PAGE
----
May 20, 2016
As part of the process to update the Land Development Code (LDC), the City’s CodeNEXT team is releasing a series of “prescription papers” to provide a general idea about the direction the new code is taking. A total of four prescription papers will cover the following: the natural and built environment, affordability, mobility and fiscal health.
Before looking at our specific response to the first prescription paper, RECA has some broader positions on the entire CodeNEXT process.
First, the CodeNEXT process is taking too long to complete. The Imagine Austin Comprehensive Plan was adopted almost four years ago, and we are finally working on the code with a first draft that’s not expected until 2017. As the discussions lengthen and the delays mount, several issues have arisen that could have been more easily addressed with the new code in place, including parkland dedication, accessory dwelling units and MF-6 zoning.
The revised code that comes out of this process must be clear and consistent. Contradictory statements, confusing language and a patchwork of ordinances have led to a plethora of issues and ultimately have cost stakeholders and the City time and money.
Each of the recommended prescriptions from these papers need to be analyzed from a cost impact stand-point. Any one of the recommendations could add significant project costs, but considered cumulatively, they will undoubtedly have a significant cost impact to projects and thereby negative impacts on affordability.
Rather than developing these prescription papers, time would be better spent using the guidance that has already been established within the Imagine Austin Comprehensive Plan. There is a real danger that these prescriptions may lead to confusion where they deviate from the recommendations of Imagine Austin, which was already developed and approved through a very robust citizen engagement process and a unanimous City Council vote in June 2012.
RECA recently submitted a formal response on the first prescription paper about the natural and built environment, and you can read the highlights from our formal response below.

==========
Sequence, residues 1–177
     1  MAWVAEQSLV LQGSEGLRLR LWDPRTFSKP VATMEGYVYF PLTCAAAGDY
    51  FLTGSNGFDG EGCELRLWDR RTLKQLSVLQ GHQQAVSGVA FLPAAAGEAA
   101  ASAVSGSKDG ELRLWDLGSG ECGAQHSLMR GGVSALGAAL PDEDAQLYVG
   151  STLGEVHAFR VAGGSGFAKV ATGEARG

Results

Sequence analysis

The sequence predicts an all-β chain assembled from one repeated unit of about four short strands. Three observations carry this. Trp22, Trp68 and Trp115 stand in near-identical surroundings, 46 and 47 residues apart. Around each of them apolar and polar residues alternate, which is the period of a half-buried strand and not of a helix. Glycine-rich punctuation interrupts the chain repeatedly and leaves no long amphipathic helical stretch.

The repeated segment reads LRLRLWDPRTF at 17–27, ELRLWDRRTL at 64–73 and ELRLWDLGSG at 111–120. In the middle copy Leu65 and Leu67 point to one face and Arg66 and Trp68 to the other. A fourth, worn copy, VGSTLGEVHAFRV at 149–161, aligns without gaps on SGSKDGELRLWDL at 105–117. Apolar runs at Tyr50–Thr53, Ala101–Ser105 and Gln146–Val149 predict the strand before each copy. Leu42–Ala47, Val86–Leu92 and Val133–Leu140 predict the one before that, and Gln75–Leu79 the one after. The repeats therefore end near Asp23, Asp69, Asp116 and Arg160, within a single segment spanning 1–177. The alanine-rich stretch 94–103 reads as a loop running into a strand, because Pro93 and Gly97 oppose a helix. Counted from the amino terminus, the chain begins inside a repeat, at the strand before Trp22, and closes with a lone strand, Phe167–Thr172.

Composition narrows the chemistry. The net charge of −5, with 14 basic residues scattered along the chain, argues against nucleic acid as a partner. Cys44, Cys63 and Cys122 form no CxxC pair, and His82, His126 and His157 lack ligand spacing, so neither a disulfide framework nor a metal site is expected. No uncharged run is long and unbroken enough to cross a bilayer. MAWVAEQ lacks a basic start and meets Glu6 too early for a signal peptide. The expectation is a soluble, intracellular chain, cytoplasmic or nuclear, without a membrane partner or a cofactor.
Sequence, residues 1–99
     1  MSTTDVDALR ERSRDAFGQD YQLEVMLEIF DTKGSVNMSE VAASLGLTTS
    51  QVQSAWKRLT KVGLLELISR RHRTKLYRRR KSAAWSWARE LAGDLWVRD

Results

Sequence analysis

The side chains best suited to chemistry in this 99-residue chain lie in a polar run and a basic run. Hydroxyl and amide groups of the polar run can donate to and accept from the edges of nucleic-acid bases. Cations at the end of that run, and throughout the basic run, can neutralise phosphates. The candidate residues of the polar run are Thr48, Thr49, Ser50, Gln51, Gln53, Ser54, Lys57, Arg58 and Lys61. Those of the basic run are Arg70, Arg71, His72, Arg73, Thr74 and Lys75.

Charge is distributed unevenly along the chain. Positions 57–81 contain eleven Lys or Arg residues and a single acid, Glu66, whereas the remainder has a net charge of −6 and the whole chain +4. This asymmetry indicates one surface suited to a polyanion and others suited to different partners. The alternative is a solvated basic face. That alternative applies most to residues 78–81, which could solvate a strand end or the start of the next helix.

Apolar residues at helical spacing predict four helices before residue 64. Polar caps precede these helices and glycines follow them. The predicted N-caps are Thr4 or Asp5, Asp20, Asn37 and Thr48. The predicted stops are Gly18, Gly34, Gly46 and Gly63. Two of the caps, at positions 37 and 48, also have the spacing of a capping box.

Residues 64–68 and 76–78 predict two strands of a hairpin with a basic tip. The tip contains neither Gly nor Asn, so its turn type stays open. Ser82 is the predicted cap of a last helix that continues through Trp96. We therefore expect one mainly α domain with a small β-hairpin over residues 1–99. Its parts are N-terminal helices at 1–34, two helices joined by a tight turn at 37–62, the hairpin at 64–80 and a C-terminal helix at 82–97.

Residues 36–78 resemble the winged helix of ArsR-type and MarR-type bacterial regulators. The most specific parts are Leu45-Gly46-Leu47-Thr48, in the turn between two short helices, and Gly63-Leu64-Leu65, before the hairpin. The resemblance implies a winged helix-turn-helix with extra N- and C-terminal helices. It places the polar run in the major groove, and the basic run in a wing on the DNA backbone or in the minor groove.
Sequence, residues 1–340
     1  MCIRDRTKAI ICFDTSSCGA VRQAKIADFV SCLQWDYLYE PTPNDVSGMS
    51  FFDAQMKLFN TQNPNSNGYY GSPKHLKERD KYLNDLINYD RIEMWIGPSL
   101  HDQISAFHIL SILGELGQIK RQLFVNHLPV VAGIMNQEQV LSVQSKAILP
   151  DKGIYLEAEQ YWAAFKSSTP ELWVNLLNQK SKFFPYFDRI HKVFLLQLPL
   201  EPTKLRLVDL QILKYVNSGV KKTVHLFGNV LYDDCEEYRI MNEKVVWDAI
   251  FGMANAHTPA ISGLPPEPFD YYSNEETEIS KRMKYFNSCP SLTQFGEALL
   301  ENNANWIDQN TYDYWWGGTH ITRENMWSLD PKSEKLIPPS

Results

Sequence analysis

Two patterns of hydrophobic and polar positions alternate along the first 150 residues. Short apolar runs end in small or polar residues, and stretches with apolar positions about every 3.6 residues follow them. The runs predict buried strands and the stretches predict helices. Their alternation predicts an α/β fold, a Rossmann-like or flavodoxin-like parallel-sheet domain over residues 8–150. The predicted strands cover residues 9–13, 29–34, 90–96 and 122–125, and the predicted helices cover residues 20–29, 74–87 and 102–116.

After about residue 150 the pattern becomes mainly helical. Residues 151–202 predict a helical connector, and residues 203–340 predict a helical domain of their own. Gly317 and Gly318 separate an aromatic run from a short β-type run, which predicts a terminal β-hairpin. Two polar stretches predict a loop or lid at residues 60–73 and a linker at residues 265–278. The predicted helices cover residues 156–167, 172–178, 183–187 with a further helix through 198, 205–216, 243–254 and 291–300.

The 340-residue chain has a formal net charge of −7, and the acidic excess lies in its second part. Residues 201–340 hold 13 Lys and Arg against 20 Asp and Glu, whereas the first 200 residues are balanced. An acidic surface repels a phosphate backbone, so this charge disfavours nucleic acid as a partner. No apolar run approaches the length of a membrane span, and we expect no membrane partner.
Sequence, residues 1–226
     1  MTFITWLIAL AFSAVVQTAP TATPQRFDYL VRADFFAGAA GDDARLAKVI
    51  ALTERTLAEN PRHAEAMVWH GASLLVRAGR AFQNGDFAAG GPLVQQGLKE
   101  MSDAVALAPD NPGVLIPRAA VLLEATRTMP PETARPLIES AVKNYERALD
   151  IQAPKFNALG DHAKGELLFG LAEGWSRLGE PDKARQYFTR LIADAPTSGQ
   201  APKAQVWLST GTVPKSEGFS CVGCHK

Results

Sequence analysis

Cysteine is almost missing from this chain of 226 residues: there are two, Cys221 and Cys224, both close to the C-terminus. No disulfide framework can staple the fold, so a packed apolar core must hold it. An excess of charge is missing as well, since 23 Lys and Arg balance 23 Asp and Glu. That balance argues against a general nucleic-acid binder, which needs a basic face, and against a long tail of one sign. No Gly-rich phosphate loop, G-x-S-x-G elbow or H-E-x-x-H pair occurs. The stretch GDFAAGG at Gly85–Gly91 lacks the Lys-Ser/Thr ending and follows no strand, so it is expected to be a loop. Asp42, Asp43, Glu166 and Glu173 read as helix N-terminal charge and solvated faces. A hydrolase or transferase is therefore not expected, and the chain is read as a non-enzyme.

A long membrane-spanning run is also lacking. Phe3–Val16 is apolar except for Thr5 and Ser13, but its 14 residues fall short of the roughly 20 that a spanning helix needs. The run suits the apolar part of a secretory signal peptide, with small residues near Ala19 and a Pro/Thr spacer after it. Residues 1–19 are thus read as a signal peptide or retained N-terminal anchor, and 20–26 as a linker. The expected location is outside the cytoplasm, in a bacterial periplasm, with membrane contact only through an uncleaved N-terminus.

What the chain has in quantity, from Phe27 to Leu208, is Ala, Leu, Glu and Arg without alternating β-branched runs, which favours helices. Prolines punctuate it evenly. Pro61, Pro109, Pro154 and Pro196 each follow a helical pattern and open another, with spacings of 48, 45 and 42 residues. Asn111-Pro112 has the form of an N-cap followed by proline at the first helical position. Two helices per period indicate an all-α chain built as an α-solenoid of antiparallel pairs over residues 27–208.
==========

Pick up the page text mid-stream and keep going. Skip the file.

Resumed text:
While a significant amendment to the City’s Watershed Ordinance has taken place in the recent past, we do not think it should be entirely off the table for reconsideration. Rather than site-by-site solutions, a regional approach should be taken to storm water management.
The requirement to detain redeveloped sites to pre-developed conditions does nothing to incentivize redevelopment and in many cases, is extremely challenging or impossible, due to the lack of storm water infrastructure downstream. The requirements encourage sprawl, which further expands our unaffordability problem.
While RECA is generally supportive of tree preservation based on site context, the overall cost impacts to expanded landscape requirements need to be looked at. There also needs to be some added clarity to the report’s description of “Significant” trees. The current code only defines “Protected and Heritage Trees”. The types of species included as “Significant” should also be analyzed.
A complete re-analysis of our existing compatibility standards should be prioritized and site characteristics, such as typography, should be considered when applying compatibility standards. An overall review of the compatibility standards is also needed. For example, civic uses such as schools, day cares and churches should not warrant the same protections as an established single-family residence.
RECA is in favor of parking reductions and shared parking opportunities and we support the Complete Streets Policy. We support connectivity, but sites and their potential connections need to be looked at realistically and not treated with a one-size-fits-all approach.
Any parkland modifications should consider the recently revised Parkland Dedication ordinance, and should be analyzed in conjunction with the current Open Space requirements. Context should be considered as urban infill projects vary significantly from greenfield development.
There were also many important issues missing from this first prescription paper including historic preservation, private open space, wilderness areas, transit plazas and remodels to name a few. These issues need to be addressed specifically before a successful new code can be implemented.
You can review RECA’s full response to the first Prescription Paper here, and we’ll provide additional responses as new prescription papers are released.